On Thursdays, we’ll take a closer look at the historic stories and scenes depicted in Richard Gibney’s mural, “Stoneham, Yesterday and Today.”
The third scene in the mural depicts a 19th-century train and train station. The Stoneham branch of the Boston & Maine Railroad opened on July 1, 1861, and carried passengers until 1959. The station pictured is artist Richard Gibney’s rendition of the original terminus building on Pine Street, which was replaced by the current station in 1895. The 2.4-mile-long stretch connected with the main line of the Boston and Lowell Railroad at Montvale Junction.
The crowd on the platform includes men, women and a child. Gibney made a significant change to this section of the mural, as it differs from a preliminary drawing. In the mural, a Union soldier is depicted on the platform, perhaps heading off to war. A paper sheet is also attached to the side of the building, which reads “Union Army” with other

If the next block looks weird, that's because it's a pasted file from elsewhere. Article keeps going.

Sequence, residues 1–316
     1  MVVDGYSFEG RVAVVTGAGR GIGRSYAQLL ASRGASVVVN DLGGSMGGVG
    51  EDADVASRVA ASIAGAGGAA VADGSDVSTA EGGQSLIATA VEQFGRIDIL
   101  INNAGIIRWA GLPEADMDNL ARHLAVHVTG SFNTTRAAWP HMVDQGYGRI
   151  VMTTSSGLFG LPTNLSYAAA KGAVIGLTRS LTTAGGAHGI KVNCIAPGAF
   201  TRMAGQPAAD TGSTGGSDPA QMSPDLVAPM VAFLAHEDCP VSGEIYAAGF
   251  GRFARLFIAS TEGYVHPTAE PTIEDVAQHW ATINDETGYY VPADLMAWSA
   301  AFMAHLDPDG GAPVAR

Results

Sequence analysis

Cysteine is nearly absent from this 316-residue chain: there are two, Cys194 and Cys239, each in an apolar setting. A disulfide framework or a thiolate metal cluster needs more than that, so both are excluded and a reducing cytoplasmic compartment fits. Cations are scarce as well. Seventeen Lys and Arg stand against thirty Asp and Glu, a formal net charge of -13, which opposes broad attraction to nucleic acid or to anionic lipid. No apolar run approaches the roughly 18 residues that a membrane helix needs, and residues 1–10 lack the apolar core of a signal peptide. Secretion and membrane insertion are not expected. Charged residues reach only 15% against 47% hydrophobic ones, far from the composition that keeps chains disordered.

indistinguishable writing, perhaps a listing of Stoneham men serving in the war. Stoneham sent more than 500 men to the Civil War, and the war exacted a heavy price on the community. Neither the soldier nor the sheet are in the preliminary drawing.
With these details, we can date this scene to the Civil War years 1861-1865.
The most prominent feature of this section of the mural, however, is the locomotive itself. The trains served the growing shoe and leather industries in town and were a prominent feature of the Industrial Age townscape.